Policy Support and Governance Gateway
©FAO/Luis Tato

Rural Poverty Reduction

Between 1990 and 2017, the number of people living in extreme poverty declined from 1.9 billion to 696 million. However, the devastating socioeconomic impacts of the COVID-19 pandemic reversed poverty reduction trends for the first time since 1990. Sustainable Development Goal 1  (End poverty in all its forms everywhere) will not be met if urgent and transformative action is not taken.

FAO supports countries to develop tailored   policies, strategies and programmes to eradicate poverty, end hunger and reduce inequalities, with a focus on rural areas.

In recent years, extreme poor became more rural. Even though rural people represent 48 percent   of the world’s population, they comprise 80 percent of the extreme poor. More than ever, countries need to focus on rural areas to eradicate poverty.

FAO supports countries to focus their sectoral policies on the rural poor  to ensure food security and nutrition, promote economic inclusion, foster environmentally sustainable livelihoods and increase resilience against risks and shocks.

Key policy messages

·        While there is still limited evidence on how COVID-19 has and will impact rural and urban populations, there is no doubt that poverty will remain a predominantly rural phenomenon in the years to come. The long-term effects of the economic recession risk to further exacerbate rural extreme poverty and rural-urban inequalities. In addition, population growth in the poorest regions will continue to increase the number of poor people residing in rural areas. A greater focus on rural areas is still needed to achieve Sustainable Development Goal 1  (End poverty in all its forms everywhere), as well as most other SDGs, with 70 percent of the targets requiring action in rural areas.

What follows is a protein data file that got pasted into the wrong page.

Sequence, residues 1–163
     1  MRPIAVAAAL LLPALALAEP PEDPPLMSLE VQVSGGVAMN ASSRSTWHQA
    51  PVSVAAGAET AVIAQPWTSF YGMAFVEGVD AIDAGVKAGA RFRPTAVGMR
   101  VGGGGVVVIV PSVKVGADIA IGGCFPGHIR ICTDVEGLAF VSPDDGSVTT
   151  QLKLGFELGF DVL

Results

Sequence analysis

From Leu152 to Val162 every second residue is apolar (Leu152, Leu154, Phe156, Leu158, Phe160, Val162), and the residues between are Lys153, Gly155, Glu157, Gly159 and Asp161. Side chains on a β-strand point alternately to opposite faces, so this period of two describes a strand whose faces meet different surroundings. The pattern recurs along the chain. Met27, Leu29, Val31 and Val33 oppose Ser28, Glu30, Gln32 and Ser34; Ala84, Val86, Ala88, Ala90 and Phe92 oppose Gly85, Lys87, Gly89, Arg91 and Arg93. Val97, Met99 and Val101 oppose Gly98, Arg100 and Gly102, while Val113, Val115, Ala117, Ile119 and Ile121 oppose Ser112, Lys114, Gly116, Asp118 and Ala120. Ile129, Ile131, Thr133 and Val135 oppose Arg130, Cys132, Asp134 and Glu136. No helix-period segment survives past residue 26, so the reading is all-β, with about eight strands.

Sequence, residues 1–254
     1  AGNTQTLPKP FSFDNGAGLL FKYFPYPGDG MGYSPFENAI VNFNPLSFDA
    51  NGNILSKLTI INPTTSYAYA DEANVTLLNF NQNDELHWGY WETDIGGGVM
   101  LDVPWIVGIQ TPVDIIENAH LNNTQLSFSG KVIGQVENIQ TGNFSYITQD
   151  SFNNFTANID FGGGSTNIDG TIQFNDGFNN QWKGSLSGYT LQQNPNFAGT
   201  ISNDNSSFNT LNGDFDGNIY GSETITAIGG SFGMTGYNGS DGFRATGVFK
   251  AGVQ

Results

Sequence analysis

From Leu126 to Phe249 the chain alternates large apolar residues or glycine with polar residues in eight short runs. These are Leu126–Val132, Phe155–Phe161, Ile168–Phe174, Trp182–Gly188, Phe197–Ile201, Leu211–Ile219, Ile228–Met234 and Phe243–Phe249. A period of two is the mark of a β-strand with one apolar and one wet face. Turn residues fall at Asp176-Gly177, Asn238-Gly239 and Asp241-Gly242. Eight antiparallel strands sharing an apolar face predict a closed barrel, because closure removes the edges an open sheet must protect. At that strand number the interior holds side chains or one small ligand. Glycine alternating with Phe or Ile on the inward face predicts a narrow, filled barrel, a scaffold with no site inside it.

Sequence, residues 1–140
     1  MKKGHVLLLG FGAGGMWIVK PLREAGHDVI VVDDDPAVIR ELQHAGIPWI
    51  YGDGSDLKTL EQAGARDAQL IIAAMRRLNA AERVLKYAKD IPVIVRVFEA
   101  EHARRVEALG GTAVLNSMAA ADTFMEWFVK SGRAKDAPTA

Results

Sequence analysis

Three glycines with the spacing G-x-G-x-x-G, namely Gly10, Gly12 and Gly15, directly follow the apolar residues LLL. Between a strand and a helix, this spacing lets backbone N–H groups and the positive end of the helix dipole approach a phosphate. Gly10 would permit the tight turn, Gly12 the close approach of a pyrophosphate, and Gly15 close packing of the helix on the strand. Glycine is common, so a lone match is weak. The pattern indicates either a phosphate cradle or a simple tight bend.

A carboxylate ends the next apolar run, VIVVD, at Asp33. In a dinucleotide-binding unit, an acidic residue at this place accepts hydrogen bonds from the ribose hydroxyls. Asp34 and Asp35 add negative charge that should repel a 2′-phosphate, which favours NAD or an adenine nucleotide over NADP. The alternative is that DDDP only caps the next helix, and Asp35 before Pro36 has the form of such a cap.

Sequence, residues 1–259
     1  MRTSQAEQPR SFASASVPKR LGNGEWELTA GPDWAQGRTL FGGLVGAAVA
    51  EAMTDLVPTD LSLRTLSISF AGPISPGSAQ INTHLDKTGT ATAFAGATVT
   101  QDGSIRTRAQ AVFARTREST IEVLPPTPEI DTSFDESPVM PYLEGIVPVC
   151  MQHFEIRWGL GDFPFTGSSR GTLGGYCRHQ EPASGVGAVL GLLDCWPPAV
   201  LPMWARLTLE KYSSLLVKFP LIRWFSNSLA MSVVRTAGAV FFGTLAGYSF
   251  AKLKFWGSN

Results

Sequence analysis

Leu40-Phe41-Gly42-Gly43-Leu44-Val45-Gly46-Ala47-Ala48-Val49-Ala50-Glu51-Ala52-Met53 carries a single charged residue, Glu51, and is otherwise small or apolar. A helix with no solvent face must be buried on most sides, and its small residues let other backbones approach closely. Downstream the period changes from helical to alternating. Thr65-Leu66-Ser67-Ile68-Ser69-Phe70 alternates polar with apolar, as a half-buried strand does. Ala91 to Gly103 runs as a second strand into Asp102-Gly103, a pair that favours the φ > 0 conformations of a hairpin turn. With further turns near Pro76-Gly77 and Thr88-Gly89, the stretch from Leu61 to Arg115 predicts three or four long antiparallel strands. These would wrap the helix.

·        The pandemic has made it more evident how pre-existing and deepening inequalities weaken progress on poverty eradication, notably with the poor having to cope with less protection from job loss, less access to health services and support, and with a lower resilience capacity due to low savings and assets.

·        The pandemic’s impacts on poverty are multidimensional and, while positive policy responses such as the rapid expansion of social protection sought to protect households from immediate income loss, there is a need for a long-term, multisectoral COVID-19 response and a bold recovery plan. A bold recovery should also aim at building back a more sustainable, resilient and equitable economy and society, tackling inequalities that undermine the capacity of the economic system to reduce poverty, and which ultimately hinder economic growth itself.

·        Although investing in agriculture remains the main channel to lift rural people out of poverty, it is not enough. Key policy approaches to end poverty also include boosting social policies, promoting coherence between agriculture and social protection; strengthening the capacity of producer organizations and rural institutions; and increasing investment in rural infrastructure, research and services to create new income generating opportunities in the off-farm sector for the rural poor.

·        The goal of eradicating poverty in rural areas cannot be separated from climate action and the food systems’ transformation agenda. Mitigating and adapting to climate change, as well as a renewed effort to achieve healthier, more sustainable and more equitable food systems will be challenging, particularly for small-scale producers and rural populations. Therefore, it is imperative that both agendas place their main contributors at the center: the rural poor, as well as vulnerable populations such as family farmers, small-scale fishers, forest dwellers, pastoralists, women, youth, and indigenous peoples will need to be the protagonists of any needed change to ensure that we leave no one behind.

Featured resources

Share this page